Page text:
Baby Break

baby at heart of Contrast Principle break

Hello again!

As you may have noticed, this is my first new post since Spring. I’m very happy to share that this break was the result of joyful news:  my wife and I welcomed the arrival of our second child into the world. He’s a smiling, healthy baby boy, now almost four months old.

Anyone with experience with babies knows that along with the joy comes a serious disruption in previous life patterns, most obviously of the sleep variety. But in addition tasks like getting your other kid(s) off to school in the morning or to sleep at night become more complicated. This isn’t news to anyone living with kids.

Our experience has been no exception. The adjustment from family of 3 to 4 has been exciting but at times exhausting. One implication of this was… no blog posts.

But then, breaks can be very healthy. We all need time to relax, reflect and re-focus.

To that point, I hope the readers of this blog have had the chance to do the same over the past months, especially those who took time off during the summer. (“Summer” for those of you living in the northern hemisphere; I know many readers don’t, living in Argentina, Australia, etc.)

On that note, the New York Times recently published an article (“Hit the Reset Button in Your Brain“) about the importance and benefits of taking breaks. There’s a wealth of research on this topic these days, which isn’t surprising given our march toward constant connectedness and information overflow. (This article cites a statistic about brain strain: “According to a 2011 study, on a typical day, we take in the equivalent of about 174 newspapers’ worth of information, five times as much as we did in 1986”).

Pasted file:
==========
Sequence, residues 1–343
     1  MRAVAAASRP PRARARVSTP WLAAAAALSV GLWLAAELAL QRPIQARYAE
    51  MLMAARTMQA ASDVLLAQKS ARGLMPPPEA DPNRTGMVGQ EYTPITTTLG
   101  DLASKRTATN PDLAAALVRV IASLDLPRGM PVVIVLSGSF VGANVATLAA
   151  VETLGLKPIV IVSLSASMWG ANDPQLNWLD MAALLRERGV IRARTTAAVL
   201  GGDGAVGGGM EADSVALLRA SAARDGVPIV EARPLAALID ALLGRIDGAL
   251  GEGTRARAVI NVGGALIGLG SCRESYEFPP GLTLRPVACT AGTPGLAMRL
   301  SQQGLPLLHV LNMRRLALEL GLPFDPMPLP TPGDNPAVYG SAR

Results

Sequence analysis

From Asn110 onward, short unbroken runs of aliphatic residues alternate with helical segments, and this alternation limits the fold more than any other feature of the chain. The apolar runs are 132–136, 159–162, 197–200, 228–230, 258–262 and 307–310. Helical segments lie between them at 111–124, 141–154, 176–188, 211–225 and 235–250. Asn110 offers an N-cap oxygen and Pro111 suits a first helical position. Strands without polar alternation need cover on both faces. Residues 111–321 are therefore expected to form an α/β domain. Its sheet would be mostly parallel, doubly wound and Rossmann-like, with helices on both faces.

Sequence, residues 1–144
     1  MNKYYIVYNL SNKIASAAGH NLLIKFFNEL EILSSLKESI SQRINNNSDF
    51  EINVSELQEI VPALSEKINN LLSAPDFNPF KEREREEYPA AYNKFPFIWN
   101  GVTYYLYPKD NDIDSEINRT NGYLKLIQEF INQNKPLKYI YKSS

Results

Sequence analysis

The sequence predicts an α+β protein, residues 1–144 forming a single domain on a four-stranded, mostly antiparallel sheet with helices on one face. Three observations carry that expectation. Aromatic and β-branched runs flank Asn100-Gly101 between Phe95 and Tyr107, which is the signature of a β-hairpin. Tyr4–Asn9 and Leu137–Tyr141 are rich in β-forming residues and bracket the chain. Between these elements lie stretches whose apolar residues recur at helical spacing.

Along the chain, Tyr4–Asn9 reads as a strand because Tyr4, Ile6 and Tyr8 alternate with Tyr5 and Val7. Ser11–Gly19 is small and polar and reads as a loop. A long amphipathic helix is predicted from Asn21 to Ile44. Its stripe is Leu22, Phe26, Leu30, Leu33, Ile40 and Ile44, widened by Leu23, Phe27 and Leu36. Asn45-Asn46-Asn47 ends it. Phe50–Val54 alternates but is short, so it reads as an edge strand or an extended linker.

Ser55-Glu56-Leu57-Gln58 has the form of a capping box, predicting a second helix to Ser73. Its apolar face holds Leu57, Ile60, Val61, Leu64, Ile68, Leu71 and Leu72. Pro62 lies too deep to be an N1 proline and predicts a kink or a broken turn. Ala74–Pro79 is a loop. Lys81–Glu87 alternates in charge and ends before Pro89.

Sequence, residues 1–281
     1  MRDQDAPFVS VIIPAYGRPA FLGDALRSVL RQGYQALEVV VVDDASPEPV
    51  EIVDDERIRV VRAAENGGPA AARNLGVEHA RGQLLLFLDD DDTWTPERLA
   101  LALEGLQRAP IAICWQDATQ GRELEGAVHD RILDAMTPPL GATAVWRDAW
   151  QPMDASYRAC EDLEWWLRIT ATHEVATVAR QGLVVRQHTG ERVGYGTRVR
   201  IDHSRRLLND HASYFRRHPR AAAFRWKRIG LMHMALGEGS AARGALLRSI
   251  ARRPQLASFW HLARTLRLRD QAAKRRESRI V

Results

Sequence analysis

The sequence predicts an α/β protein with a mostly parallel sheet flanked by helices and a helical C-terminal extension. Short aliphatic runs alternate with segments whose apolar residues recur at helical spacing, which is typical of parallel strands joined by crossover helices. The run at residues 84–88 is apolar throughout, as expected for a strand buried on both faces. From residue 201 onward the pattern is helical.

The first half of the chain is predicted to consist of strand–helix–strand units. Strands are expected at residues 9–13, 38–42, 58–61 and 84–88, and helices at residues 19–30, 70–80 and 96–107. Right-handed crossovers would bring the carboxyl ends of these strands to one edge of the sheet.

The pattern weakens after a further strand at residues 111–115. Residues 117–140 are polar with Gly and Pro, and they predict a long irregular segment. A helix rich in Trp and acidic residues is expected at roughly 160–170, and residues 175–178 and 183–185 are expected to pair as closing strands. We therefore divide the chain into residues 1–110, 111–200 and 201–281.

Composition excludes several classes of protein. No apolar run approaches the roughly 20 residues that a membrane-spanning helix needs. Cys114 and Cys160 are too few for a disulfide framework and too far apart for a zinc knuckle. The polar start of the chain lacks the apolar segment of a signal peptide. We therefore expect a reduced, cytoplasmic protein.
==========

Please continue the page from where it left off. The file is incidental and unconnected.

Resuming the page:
The article reflects upon the importance of resting and daydreaming to the creative process.

If we can train ourselves to take regular vacations — true vacations without work — and to set aside time for naps and contemplation, we will be in a more powerful position to start solving some of the world’s big problems. And to be happier and well rested while we’re doing it.”

I don’t anticipate solving any of the world’s serious problems anytime soon, but I do have hopes set on increased happiness and maybe even more rest (haha, see above, “baby”).

Thank you as always for reading The Contrast Principle. I look forward to posting more and continuing to connect with you.

Regards,

Josh